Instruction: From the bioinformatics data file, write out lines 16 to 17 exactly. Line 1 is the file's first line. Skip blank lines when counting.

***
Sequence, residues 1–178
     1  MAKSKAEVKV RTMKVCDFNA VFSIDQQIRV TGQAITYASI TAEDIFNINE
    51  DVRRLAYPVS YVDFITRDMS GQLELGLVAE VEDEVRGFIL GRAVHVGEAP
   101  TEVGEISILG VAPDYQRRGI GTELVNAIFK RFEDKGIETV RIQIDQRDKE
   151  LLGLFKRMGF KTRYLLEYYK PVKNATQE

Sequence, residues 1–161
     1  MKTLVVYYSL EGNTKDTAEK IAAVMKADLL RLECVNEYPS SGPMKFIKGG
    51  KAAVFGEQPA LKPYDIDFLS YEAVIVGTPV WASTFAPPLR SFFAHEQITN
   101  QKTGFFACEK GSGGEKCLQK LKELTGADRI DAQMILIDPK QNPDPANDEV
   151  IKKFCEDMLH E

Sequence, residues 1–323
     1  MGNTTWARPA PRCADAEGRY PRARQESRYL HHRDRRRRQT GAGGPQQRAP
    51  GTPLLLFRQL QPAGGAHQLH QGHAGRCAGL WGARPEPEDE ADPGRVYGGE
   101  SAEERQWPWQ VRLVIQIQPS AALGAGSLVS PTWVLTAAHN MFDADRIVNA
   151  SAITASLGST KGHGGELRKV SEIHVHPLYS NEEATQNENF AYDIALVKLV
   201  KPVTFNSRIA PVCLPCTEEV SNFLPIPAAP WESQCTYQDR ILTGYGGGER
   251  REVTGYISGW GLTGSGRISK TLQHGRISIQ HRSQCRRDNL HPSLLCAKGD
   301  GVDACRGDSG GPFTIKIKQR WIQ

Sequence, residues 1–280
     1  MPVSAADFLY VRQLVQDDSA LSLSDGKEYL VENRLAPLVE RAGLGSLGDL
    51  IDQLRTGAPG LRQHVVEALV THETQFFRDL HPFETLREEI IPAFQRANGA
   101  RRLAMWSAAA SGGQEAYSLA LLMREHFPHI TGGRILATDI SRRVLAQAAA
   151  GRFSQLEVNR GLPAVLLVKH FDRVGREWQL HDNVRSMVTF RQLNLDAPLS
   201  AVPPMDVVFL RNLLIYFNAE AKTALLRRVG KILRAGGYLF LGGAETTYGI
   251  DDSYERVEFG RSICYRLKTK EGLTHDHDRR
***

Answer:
   201  KPVTFNSRIA PVCLPCTEEV SNFLPIPAAP WESQCTYQDR ILTGYGGGER
   251  REVTGYISGW GLTGSGRISK TLQHGRISIQ HRSQCRRDNL HPSLLCAKGD